HC Deb 06 March 2002 vol 381 cc320-1 5.12 pm
Mr. Alex Salmond (Banff and Buchan)

On a point of order, Mr. Deputy Speaker. During last evening's debate in the House on whether this Parliament or the Scottish Parliament is responsible for approving new power stations in Scotland, especially nuclear power stations, Opposition parties tried eight times to elicit an answer from the Secretary of State for Scotland and the Minister of State, Scotland Office.

Simultaneous to that debate, the Minister for Industry and Energy was answering that question outside the House. Further confusion arises because most hon. Members understood the Ministers in that debate to say that Westminster would take the final decision, while the Minister for Industry and Energy was saying that it would be taken in Scotland. What protection is there for hon. Members who are involved in a debate in the House when Ministers of the Crown make contrary statements elsewhere? Does not that involve an element of discourtesy? How do we proceed now? Does a form of arbitration between Ministers exist? Do we toss a coin? Better still, could a statement be made to clarify the position once and for all?

Mr. Tam Dalyell (Linlithgow)

Further to that point of order, Mr. Deputy Speaker. May I add my voice as one who is fervently pro-nuclear power stations? There should be clarification; this is an important issue.

Mr. Deputy Speaker (Sir Michael Lord)

May I tell both hon. Gentlemen that the occupant of the Chair is not responsible for ministerial statements? The point made by the hon. Member for Banff and Buchan (Mr. Salmond) is, in a sense, a continuation of yesterday's debate. The principal point is that the occupant of the Chair is not responsible for Ministers' statements on such matters.

Tom Brake (Carshalton and Wallington)

On a point of order, Mr. Deputy Speaker. Would it be appropriate for the Secretary of State for Transport, Local Government and the Regions to come to the House to explain why he chose to disregard London Transport's advice not to publish the Ernst and Young report on value for money at London Underground because that would undermine the only competitive leverage left in negotiations? Would it be appropriate for him to come here to set out what assessment he has made of the commercial damage caused by his actions?

Mr. Deputy Speaker

It is not for the occupant of the Chair to judge whether those matters are appropriate or inappropriate, and I have no knowledge of such a statement.

Mr. Gerald Kaufman (Manchester, Gorton)

On a point of order, Mr. Deputy Speaker, of which I have given the Chair notice. Yesterday afternoon I received a letter from the BBC signed by Michael Hastings CBE, who is described as head of political and parliamentary affairs. He has previously been brought to the attention of the Chair for his activities in the House.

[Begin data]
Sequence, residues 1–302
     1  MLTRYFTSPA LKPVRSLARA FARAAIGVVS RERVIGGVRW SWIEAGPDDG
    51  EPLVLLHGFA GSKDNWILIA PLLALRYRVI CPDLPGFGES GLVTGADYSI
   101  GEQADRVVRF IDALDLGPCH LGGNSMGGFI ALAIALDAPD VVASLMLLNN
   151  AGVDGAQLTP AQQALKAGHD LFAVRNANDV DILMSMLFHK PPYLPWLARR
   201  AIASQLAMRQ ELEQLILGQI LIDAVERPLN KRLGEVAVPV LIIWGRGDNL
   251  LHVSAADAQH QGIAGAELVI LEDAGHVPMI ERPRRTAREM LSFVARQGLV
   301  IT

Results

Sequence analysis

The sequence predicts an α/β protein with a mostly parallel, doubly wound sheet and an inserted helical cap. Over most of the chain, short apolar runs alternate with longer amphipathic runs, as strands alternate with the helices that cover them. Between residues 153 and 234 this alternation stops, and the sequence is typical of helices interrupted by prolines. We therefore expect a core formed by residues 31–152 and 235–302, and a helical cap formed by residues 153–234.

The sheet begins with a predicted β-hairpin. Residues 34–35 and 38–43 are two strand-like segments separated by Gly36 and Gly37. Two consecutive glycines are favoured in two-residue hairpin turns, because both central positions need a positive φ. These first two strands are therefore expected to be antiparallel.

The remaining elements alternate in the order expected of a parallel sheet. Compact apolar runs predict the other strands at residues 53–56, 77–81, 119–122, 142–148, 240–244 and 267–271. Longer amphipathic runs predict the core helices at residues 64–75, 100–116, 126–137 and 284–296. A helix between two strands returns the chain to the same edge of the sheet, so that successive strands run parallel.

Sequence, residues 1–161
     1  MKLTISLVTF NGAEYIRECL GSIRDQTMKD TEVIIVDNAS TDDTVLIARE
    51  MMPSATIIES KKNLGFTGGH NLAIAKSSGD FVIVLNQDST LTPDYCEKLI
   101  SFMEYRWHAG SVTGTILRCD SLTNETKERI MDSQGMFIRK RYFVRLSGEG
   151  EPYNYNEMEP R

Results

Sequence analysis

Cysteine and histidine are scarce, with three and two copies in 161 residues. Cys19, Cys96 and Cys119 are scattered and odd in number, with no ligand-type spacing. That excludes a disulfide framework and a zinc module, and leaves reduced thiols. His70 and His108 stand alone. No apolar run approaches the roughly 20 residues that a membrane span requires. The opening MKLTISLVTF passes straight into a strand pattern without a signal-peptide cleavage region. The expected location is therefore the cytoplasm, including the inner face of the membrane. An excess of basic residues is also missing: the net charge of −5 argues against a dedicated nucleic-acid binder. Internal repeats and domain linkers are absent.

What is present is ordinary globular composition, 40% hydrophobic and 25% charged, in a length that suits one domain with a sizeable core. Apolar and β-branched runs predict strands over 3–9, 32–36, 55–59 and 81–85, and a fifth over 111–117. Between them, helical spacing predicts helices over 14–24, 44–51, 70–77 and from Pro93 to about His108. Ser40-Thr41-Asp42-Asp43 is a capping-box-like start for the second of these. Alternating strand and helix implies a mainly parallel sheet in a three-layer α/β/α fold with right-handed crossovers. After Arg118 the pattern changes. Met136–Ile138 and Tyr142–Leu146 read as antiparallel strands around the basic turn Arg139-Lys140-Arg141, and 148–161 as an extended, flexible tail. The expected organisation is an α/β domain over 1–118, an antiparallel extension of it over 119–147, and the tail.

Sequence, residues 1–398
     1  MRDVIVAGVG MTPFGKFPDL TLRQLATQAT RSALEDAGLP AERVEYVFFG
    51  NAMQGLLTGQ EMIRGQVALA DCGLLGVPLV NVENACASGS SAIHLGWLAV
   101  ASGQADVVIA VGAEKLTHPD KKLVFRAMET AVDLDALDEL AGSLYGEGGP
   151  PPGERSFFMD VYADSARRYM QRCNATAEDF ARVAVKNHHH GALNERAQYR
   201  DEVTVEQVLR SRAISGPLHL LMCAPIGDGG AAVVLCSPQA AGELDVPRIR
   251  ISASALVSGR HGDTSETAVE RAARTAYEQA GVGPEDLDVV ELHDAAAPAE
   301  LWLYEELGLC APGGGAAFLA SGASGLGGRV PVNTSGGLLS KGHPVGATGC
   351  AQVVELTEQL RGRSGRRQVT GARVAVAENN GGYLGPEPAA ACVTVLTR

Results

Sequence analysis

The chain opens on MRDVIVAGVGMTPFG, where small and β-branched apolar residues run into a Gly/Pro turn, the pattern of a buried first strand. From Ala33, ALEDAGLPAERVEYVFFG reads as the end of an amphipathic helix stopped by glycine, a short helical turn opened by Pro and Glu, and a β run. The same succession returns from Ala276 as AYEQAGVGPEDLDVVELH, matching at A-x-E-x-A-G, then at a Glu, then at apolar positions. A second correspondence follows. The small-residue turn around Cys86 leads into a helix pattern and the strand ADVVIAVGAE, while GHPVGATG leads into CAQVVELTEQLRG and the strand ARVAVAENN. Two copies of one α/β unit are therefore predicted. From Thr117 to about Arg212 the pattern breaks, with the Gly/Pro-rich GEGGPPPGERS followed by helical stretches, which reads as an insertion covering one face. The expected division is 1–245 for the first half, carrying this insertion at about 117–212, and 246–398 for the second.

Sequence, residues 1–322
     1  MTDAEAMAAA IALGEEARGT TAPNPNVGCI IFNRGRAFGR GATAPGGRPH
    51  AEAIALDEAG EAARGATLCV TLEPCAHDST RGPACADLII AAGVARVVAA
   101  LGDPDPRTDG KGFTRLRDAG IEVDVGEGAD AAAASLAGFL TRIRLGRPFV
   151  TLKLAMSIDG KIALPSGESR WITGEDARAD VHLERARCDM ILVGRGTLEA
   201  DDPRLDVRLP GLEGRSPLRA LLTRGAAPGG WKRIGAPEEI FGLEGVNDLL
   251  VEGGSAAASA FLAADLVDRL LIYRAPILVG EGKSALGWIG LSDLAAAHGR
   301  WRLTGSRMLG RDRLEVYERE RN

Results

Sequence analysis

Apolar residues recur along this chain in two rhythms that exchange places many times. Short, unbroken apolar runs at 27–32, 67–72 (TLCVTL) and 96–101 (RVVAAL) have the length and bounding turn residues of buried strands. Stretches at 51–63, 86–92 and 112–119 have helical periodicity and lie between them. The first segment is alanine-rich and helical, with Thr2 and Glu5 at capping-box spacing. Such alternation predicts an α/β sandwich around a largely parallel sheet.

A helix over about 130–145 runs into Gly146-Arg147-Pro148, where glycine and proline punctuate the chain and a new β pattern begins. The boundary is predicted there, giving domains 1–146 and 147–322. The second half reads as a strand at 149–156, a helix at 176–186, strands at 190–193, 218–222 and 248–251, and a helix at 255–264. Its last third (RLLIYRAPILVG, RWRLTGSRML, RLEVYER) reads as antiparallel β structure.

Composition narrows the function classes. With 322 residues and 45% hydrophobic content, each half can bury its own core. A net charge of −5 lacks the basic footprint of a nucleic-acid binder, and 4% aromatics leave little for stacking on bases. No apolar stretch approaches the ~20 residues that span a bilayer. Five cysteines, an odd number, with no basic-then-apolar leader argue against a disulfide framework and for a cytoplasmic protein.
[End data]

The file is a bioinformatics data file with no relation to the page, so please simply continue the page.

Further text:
The letter relates to the proceedings on which we are about to embark. It says: An inappropriate level of attention has been focused on the BBC and its regulation throughout the Second Reading and Committee stages in the Commons. Mr. Hastings goes on to say: It is our hope that this Wednesday's debate will be more constructive". Referring to amendments that have been tabled for the House to discuss on Report, he says: Amendments have again been tabled which seek to bypass the White Paper and propose an alternative model. The BBC rejects these options. What can one do about the impertinence of a lobbyist who writes to the Chairman of a Select Committee on such matters in an offensive way? Could it be drawn to the BBC's attention that it has no power either to reject or to accept options that are laid before the House, because they are for us to debate and to decide? Is it not particularly unsatisfactory that the House of Commons should be treated in such a way by someone whose organisation is funded by the taxpayer through the licence fee, whose job is funded by the taxpayer through the licence fee and whose letter to me was funded by the taxpayer through the licence fee? Is it not a fact that that person has a vested interest in those amendments being rejected because they would affect not only the BBC, but himself? What can we do to deal with offensive communications of such a nature from a vested interest?

Mr. Deputy Speaker

Chair has no control over communications of that kind made by people outside the House. I have no doubt, however, that the BBC will have noted the right hon. Gentleman's comments. I am sure that the House, too, will bear them in mind when it debates the amendments.